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help designing a soaker hose irrigation system

 
pollinator
Posts: 1706
Location: Denver, CO
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I'm doing urban farming on lots of little bits of land, usually without longterm access, and sometimes a good distance from my house.

Because of the temporary nature of the plots, setting up an actual automatic irrigation system isn't an option. Also due to the same conditions, I'd rather use soaker hose than drip line. Soaker hose is not as efficient, but is easier to work with and less likely to fail in an invisible way. (This year some of my drip lines plugged up and I only noticed once the plants were pretty stunted.) Also, I've noticed that plants I water with soaker hoses are happier than with drip lines. I think that is because the drip line irrigates a bunch of little spots, while the soaker line irrigates a wide band. Since I'm largely depending on the breakdown of organic matter to fertilize the plants, and live in a very dry climate, keeping a wide band of soil moist is going to be more productive in terms of mineralizing nutrients for the plants.

The problem is that while I was able to run a lot of drip line off of one garden hose with the right adapter, 100' seems to be the maximum for a soaker hose. That's only 200' square feet of bed space.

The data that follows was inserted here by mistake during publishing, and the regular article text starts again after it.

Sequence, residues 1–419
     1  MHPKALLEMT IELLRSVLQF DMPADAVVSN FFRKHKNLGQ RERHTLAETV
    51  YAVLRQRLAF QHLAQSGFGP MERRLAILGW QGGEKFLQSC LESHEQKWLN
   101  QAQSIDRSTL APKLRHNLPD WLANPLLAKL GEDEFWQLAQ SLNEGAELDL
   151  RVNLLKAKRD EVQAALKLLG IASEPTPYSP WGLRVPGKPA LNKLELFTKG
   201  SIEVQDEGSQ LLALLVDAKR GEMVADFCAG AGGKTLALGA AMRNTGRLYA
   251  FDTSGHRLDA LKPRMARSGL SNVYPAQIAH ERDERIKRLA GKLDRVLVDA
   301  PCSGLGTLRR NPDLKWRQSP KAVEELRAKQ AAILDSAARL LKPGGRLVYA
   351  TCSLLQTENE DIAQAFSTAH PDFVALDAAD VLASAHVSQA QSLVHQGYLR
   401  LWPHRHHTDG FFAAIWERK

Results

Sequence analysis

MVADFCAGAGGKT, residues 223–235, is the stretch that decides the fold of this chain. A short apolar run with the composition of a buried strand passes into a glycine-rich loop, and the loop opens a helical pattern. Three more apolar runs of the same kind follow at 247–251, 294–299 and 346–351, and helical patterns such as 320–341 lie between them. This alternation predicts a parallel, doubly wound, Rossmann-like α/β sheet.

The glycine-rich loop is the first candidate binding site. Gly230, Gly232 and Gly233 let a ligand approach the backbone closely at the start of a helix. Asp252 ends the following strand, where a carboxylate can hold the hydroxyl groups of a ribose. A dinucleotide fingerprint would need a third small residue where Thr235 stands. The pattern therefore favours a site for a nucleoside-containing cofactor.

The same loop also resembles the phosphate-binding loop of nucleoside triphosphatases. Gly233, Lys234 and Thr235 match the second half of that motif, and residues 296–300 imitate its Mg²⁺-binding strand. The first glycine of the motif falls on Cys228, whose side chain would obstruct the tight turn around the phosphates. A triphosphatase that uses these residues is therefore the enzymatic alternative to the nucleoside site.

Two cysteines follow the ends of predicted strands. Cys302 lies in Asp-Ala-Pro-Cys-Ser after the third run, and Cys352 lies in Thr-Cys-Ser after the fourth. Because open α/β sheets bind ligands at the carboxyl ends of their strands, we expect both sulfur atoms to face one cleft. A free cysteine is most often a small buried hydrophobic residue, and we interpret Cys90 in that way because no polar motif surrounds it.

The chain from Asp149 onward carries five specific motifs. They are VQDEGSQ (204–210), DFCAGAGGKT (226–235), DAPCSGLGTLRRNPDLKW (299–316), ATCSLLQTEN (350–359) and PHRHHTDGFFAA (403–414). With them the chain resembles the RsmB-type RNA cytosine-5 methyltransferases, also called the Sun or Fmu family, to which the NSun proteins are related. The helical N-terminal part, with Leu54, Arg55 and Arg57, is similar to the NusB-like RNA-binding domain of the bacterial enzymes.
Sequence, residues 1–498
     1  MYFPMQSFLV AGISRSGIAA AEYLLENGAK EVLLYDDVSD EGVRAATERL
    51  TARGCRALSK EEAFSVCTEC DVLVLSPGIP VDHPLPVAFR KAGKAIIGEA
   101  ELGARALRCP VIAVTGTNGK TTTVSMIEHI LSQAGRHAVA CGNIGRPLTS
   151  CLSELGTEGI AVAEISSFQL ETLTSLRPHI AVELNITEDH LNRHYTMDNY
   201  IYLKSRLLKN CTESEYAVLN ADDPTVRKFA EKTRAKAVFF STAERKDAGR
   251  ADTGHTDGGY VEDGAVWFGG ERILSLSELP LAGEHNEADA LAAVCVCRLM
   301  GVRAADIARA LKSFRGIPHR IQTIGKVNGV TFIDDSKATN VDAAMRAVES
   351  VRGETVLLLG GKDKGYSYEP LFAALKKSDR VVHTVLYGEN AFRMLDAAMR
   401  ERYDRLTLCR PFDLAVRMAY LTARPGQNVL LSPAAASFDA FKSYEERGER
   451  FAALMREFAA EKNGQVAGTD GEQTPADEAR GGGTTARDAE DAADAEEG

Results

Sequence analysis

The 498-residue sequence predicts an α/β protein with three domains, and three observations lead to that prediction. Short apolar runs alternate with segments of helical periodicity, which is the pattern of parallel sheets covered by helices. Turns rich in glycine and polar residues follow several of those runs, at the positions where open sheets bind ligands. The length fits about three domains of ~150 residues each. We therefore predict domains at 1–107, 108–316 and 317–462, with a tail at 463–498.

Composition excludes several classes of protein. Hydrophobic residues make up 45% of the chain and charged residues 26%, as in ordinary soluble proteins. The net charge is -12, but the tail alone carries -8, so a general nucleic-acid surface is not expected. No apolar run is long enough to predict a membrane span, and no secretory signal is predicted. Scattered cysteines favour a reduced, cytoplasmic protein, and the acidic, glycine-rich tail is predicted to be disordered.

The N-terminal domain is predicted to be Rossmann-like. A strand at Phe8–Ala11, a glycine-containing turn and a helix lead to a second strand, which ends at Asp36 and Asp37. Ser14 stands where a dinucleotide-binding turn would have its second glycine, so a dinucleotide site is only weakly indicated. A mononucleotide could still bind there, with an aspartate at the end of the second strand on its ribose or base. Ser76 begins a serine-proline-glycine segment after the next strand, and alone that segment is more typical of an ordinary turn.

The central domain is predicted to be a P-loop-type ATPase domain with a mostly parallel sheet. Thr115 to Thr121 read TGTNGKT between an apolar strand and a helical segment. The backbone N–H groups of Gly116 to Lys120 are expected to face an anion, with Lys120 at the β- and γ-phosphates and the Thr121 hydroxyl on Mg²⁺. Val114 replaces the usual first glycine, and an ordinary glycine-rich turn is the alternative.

I need a system that can be turned on manually, and then automatically run one section of soaker after another.

How would you go about setting something like this up?
 
pollinator
Posts: 200
Location: Dry mountains Eastern WA
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How far from your house

How many square feet need to be watered

What kind of pressure are you working with re; your water
 
pollinator
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Location: Chicago
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Maybe get a y-shaped connecter spout and run two hoses to get double the length?
 
Gilbert Fritz
pollinator
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They are several miles from my house, and generally a few hundred feet from the owner's house. I'm working with standard city water pressure through a hose bib. The square footage is usually between 500 and 2000 square feet.

As far as a y connector, that can help to spread it out, but I've heard that a total of 100 linear feet is all that average hose pressure can manage at one time. That seems to be borne out in my experience.
 
Posts: 6
Location: Aurora, Colorado zone 5
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Are you sure about the "few hundred feet" from the owners house? That's a long way. Anyways to get that far you'll need a lot of hose maybe 6 50 footers. Then I would put a manifold at the end of the long run of hose dividing it 4 to 8 runs. Bear in mind that drip hose puts out decreasing amounts of water along its length so shorter runs would be better probably closer to 30 to 50 feet. At the manifold you'll need mechanical timers on each run or figure out an electrical clock and valves. Lots of mulch will help. Good luck.
 
Gilbert Fritz
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Some are closer, some are farther away from the hose bib.
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